The Will

Dhanapal had to face it. He was deeply in debt, and the mere thought of all the bills he owed made his head throb with pain. It was his fault. He had seen this coming as long ago as last summer when he had foolishly borrowed money to start a cloth business, and from the very onset, it had failed.

His life, he had to admit, was a dismal failure, and the sooner it ended, the better. Taking a last look around his poor abode, he made his way through the fields to the river and, without hesitation, flung himself into the swirling waters.

A holy man happened to be walking along the river bank and saw someone drowning; he promptly jumped in and managed to drag Dhanapal to safety.

Dhanapal did not know whether he was glad or sorry to be snatched from his watery grave. As soon as he recovered, he confessed to the holy man that his life had been such a failure he had decided to commit suicide.

“My son,” said the holy man. “You should know that it is a sin to take your life. You are a young man and must face the future with confidence.”

“I only wish I had confidence,” Dhanapal stammered. The holy man merely smiled and produced an amulet, which he handed to Dhanapal. “My son always wears this on your right wrist, and I am sure you will find the confidence you lack.”

Years passed, and maybe the amulet possessed some magic power, or perhaps, the holy man’s words gave Dhanapal a new outlook, for he began to prosper, and now he was recognized as one of the wealthiest merchants in the district.

Dhanapal eventually married and had one son. His business interests flourished and became so big that he was forced to engage a manager. He appointed Suresh, a capable businessman who soon proved his efficiency in looking after Dhanapal’s many enterprises.

Then a sad blow descended. His wife died on Dhanapal. And before he recovered from the shock, Dhanapal contracted an incurable disease, and he knew that his life would soon come to a close.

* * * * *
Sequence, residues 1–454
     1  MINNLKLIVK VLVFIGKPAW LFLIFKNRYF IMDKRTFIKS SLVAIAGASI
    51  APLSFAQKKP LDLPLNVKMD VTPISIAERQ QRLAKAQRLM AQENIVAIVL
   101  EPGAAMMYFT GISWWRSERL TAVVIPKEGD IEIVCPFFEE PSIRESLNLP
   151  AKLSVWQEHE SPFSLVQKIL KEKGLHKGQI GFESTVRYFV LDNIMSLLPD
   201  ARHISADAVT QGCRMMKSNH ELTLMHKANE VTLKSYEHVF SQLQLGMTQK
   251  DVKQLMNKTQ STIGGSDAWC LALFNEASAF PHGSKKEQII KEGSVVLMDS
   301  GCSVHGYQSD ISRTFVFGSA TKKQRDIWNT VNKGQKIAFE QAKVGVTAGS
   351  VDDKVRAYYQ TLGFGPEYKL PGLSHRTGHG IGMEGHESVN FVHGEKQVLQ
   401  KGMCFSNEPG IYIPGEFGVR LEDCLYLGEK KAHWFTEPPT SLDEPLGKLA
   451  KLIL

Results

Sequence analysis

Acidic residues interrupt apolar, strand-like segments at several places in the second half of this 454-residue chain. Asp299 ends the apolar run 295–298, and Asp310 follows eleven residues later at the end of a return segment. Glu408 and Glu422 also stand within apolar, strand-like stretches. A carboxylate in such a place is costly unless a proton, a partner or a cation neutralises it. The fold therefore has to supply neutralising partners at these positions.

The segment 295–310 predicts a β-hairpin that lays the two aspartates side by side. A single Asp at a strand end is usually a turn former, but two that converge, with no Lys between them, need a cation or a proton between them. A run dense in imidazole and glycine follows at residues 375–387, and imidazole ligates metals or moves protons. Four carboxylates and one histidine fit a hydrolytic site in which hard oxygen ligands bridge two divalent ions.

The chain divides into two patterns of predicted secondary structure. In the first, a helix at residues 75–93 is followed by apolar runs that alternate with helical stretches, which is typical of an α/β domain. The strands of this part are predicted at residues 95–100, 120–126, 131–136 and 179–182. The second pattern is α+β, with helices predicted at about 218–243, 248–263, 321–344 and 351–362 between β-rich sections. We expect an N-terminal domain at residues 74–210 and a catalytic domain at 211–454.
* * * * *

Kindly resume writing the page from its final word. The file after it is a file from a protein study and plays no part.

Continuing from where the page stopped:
Before he died, he sent for the village elders and asked them to make out his will, which he insisted should be worded thus ‘Until my son attains his majority, I appoint my business manager Suresh as his sole guardian, the keeper of all my properties. When my son reaches the age of twenty-one, Suresh will hand over to my son all that Suresh would like to possess for himself. Whatever remains of my estate, I bequeath to Suresh.’

The elders were shocked at the terms of Dhanapal’s will, which placed far too much power in the hands of Suresh. Still, it must be said that after Dhanapal died, Suresh brought the son up well and engaged the best tutors for his education.

When the son reached the age of twenty-one, he went to Suresh and asked. “Now I am of age. I presume you will hand over to me my father’s properties?”

“I am afraid not,” replied Suresh. “You must understand that a considerable sum has been spent on your upkeep and education. All left for you is the amulet your father used to wear.”

The son was astonished at such news. “Do you mean telling me I do not inherit my father’s estates?”

At this, Suresh jumped out of his chair and, going to his desk, pulled out a paper, which he thrust under the son’s nose.

“Read your father’s will,” he shouted. “It clearly says that everything is left to my discretion.”.

The son went away astounded that he was to be left destitute, and he was confident that his father never intended that Suresh should grab everything. The only answer, he thought, was to take the matter to court.

Suresh and the youth were summoned two days later to attend the magistrate’s court. Having listened to the youth’s plea, the magistrate asked to see the will, which he seemed to read with considerable interest.

Looking over the top of his glasses, the magistrate said to Suresh. “Am I to take it that you intended to carry out the wishes of your late master, as laid down in his will?”.

“Most certainly,” replied Suresh heatedly. “I have acted strictly by the will.”

“In what way?” asked the magistrate, with a twinkle in his eyes. “I offered his son the amulet that brought his father so much wealth,” Suresh replied, “and decided to keep the rest of the estate for myself.”

The magistrate beamed at Suresh. “So you decided that apart from the talisman, you would like to possess the deceased estates. Is that correct?”

“Yes, that is correct,” replied Suresh, glad the magistrate could see his viewpoint.

“Then,” said the magistrate firmly, “According to the terms of this will, all you would like to possess must be handed over to the son. The only thing you did not want to have was the amulet. So that is all you can inherit.

At first, Suresh could not believe his ears, but then it slowly dawned on him that his late master was a shrewd judge of character.

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